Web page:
David Pecker, the CEO of American Media Inc., which publishes The National Enquirer, was reportedly given immunity in the Michael Cohen investigation.
Cohen, President Trump’s former lawyer, pleaded guilty Tuesday afternoon to breaking campaign finance laws after he helped arrange a payment to a former Playboy model with Pecker. The arrangement called into question the legality of Pecker’s decision and what it could mean for American Media, Inc., which also publishes Us Weekly, Star, OK!, In Touch and Life & Style.
Though American Media, the publisher of the National Enquirer, went unnamed in court documents, The Wall Street Journal reported four days before the 2016 presidential election that the publisher bought the rights to Karen McDougal’s story about having an affair with Trump and refused to publish it, a tactic known as “catch and kill.”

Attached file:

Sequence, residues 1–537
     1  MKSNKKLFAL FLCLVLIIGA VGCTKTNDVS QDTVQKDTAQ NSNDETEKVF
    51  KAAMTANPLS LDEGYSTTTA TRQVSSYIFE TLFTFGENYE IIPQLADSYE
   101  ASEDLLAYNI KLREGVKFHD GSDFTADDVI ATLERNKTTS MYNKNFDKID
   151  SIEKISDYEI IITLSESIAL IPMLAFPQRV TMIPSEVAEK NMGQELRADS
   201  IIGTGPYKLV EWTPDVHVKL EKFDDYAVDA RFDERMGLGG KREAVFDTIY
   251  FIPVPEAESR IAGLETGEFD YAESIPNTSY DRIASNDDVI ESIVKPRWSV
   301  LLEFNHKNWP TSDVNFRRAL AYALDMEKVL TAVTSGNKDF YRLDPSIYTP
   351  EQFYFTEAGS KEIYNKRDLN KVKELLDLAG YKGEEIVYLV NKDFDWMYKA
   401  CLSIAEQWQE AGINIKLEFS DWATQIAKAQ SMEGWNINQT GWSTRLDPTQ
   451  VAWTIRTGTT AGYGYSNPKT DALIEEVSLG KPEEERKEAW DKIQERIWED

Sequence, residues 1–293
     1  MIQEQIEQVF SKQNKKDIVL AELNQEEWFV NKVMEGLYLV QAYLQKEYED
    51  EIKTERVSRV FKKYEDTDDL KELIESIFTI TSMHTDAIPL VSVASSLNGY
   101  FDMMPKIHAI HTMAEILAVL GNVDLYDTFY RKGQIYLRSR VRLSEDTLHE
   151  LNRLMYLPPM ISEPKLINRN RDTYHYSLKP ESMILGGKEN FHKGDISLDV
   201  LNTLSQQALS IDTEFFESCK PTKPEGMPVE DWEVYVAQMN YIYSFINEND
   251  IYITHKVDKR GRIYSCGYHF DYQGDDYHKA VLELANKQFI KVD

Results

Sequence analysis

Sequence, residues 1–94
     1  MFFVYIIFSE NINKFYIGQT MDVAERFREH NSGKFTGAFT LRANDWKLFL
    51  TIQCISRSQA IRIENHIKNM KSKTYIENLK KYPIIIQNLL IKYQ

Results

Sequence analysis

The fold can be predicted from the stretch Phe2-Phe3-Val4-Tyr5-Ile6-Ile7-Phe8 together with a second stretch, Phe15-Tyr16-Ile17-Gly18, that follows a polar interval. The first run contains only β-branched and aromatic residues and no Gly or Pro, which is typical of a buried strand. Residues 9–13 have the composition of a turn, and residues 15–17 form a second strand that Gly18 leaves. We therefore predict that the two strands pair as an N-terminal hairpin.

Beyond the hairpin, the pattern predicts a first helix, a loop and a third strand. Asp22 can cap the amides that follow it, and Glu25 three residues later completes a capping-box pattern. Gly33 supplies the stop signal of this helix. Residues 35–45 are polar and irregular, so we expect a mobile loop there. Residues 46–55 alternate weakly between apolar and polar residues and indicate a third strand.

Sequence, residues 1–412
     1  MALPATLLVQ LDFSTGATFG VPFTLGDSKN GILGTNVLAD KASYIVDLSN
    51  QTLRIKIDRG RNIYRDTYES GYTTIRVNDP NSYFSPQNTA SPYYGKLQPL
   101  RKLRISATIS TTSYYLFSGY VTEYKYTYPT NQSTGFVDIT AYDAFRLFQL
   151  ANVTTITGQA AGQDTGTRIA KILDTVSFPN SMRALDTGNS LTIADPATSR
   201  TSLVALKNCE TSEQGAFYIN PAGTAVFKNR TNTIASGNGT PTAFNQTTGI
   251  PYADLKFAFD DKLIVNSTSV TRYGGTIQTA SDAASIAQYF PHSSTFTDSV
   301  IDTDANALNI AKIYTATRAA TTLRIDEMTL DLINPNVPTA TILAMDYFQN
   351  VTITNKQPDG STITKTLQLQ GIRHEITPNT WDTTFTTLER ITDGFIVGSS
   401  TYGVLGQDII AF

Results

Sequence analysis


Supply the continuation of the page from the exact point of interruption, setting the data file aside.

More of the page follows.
Pecker is a longtime friend of Trump’s and Cohen’s, though Pecker and Trump haven’t spoken in months, Vanity Fair reported.
Federal prosecutors have also suggested that Dylan Howard, American Media Inc.’s chief content officer and vice president, won’t be charged in the criminal investigation of Cohen, the WSJ reported, and that Pecker met with prosecutors to describe Cohen’s involvement in the hush-money deals.
In Manhattan federal court, Cohen admitted to his and Trump’s role in making payments to two women—McDougal and adult film actress Stephanie Clifford, more commonly known as Stormy Daniels—ahead of the 2016 presidential election to keep them from talking publicly about their alleged affairs with Trump.
While Cohen paid Clifford directly, he worked with American Media for the payout to McDougal.
A spokesman for American Media Inc. did not immediately return multiple requests by phone and email for comment.